I have a large list of intents that equates to a RoboRaptor command request, like move forward and Stop and it includes intents for other projects like collecting names and phone numbers, it can also contain all my home automation commands too.

In the example below, I have the intent that I want the RoboRaptor to dance. Under the dance intent I have several ways of asking the RoboRaptor to dance.

 

The LUIS service will return to the BOT the Intent of dance and a score of how confident it is of a match. The following is BOT code that evaluates the returned intent and score. If the confidence score is above 0.5 the BOT will initiate a process based on a case match. I created basic Azure BOT service from Visual Studio 2017. You can start with the Hello world template and then build dialogue boxes and middleware to other azure services like Q&A maker and the Luis service.

In our case the intent is dance so the Sendtoraptor process is called with the command string dance.

 

A series of direct method commands to the IoT using the direct call method is invoked. The method name= forward, and a message payload “dance fwd” is sent to the IoT-Hub service and IoT device name of “IOT3166keith” which is my registered MXCHIP. A series of other moves are sent to give the impression that the RoboRaptor is dancing.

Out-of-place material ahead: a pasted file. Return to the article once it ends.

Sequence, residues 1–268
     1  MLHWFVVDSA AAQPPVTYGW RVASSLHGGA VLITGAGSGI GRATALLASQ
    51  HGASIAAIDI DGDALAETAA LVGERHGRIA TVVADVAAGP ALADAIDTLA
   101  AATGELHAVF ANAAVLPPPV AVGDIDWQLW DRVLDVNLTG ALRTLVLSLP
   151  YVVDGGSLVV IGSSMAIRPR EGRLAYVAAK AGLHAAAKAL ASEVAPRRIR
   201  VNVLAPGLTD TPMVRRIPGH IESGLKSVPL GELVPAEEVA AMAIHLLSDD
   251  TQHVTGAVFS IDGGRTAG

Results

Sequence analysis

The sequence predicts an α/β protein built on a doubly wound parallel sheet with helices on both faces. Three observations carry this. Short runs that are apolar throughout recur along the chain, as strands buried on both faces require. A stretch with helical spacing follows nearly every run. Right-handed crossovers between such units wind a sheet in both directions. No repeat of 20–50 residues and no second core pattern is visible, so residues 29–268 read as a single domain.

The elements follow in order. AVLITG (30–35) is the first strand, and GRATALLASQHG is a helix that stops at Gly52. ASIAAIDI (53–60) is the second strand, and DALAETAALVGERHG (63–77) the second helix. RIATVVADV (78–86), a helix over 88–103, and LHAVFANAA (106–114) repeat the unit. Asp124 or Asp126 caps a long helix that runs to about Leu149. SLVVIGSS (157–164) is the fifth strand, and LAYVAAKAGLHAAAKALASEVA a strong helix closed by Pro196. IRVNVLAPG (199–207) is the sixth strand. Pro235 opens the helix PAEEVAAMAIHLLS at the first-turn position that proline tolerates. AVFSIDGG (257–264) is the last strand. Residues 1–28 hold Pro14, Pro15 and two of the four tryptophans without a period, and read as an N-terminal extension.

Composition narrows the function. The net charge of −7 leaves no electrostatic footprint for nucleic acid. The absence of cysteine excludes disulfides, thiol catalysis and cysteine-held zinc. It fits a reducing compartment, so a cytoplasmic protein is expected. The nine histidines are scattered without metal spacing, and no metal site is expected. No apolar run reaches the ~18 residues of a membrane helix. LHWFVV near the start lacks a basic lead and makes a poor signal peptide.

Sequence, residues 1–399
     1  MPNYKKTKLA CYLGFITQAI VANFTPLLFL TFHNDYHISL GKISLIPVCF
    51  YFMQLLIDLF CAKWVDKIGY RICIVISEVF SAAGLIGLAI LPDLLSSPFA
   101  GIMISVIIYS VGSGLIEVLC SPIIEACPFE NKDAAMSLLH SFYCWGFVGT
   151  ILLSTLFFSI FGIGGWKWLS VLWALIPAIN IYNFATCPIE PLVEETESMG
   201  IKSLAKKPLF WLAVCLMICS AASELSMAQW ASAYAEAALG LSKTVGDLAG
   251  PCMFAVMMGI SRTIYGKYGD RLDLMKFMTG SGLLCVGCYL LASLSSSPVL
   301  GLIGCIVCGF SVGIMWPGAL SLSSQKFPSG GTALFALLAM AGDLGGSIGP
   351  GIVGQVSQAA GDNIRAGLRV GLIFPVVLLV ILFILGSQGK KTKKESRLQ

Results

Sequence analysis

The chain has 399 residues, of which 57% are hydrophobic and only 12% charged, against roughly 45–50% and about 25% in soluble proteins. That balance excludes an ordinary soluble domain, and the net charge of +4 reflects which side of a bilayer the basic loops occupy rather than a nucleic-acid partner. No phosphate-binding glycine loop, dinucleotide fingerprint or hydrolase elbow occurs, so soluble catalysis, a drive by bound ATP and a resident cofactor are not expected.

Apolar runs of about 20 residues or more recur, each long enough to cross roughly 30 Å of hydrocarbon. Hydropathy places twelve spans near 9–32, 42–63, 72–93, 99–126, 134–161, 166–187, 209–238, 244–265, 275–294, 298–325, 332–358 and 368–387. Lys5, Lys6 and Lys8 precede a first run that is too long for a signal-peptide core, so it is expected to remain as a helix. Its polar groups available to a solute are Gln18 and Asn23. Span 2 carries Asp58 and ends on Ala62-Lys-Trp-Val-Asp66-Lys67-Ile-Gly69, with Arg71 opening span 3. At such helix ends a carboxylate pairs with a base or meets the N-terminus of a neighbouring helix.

if (robocmd == “dance”)

{//dancing

//forward 4, then back 4 then right 4 then forward 4 left 4

 

//send stop signal

methodInvocation = new CloudToDeviceMethod(“forward”) { ResponseTimeout = TimeSpan.FromSeconds(300) };

methodInvocation.SetPayloadJson(JsonConvert.SerializeObject(new { message = “dance fwd” }));

response = await serviceClient.InvokeDeviceMethodAsync(“IOT3166keith”, methodInvocation);

System.Threading.Thread.Sleep(4000);

methodInvocation = new CloudToDeviceMethod(“backward”) { ResponseTimeout = TimeSpan.FromSeconds(300) };

methodInvocation.SetPayloadJson(JsonConvert.SerializeObject(new { message = “dance back” }));

response = await serviceClient.InvokeDeviceMethodAsync(“IOT3166keith”, methodInvocation);